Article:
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  • In the spring of 1568 Louis invaded Friesland, and at Heiligerlee, on the 23rd of May, completely defeated a Spanish force under Count Aremberg, who was killed.

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  • Passing through the strait of Lemaire they came to the southern extremity of Tierra del Fuego, which was named Cape Horn, in honour of the town of Hoorn in West Friesland, of which Schouten was a native.

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  • In 1650 he became burgomaster of Dort and member of the states of Holland and West Friesland.

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  • There is ample evidence that the civil law was soon once more a favourite study at Oxford, where we learn that, in 1190, two students from Friesland were wont to divide between them the hours of the night for the purpose of making a copy of the Liber pauperum.

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  • The town is intersected by canals (crossed by numerous bridges), which bring it into communication with most of the towns in East Friesland, of which it is the commercial capital.

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  • Emden (Emuden, Emetha) is first mentioned in the 12th century, when it was the capital of the Eemsgo (Ernsgau, or county of the Ems), one of the three hereditary countships into which East Friesland had been divided by the emperor.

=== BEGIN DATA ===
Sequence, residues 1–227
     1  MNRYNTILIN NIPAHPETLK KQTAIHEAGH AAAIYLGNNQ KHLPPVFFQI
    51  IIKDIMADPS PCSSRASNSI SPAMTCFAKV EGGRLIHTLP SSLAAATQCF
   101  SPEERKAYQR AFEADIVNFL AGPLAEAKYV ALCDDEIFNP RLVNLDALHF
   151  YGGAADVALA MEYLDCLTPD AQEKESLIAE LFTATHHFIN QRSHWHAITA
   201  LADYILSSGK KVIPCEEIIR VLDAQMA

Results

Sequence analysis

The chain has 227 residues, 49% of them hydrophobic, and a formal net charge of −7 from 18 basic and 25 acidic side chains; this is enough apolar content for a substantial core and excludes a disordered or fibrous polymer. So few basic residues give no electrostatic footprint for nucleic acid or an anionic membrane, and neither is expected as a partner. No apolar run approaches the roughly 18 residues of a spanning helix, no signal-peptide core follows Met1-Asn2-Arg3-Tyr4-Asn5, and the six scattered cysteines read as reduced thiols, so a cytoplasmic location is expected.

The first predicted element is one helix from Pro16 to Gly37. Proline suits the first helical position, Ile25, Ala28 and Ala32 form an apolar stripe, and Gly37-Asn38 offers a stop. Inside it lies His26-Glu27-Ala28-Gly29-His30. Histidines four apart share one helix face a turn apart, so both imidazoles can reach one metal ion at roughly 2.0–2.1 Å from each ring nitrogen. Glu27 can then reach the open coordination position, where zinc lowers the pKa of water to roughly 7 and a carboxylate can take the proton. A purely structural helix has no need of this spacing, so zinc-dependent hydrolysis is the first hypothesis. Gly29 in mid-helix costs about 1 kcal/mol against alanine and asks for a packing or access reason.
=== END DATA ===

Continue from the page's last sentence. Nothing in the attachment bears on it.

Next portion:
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  • In 1595 Emden became a free imperial city under the protection of Holland, and was occupied by a Dutch garrison until 1744 when, with East Friesland, it was transferred to Prussia.

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  • It was separated from the sea by a belt of marsh and fen uniting Friesland and North Holland, the original coast-line being still indicated by the line of the Frisian Islands.

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  • In the south and east the destruction was arrested by the high sandy shores of Gooi, Veluwe, Voorst, and Gasterland in the provinces of Utrecht, Gelderland, Overysel, and Friesland respectively.

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  • The principal feature in the scheme was the building of a dike from the island of Wieringen to the coast of Friesland.

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  • In 1901 the government introduced a bill in the States General, based on the recommendations of the commission, providing for enclosing the Zuider Zee by building a dike from the North Holland coast, through the Amsteldiep to Wieringen and from that island to the Friesland coast at Piaam; and further providing for the draining of two portions of the enclosed area, namely the N.W.

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  • The seventh, Friesland, had for stadtholder William's brother, John "the Old," and his descendants.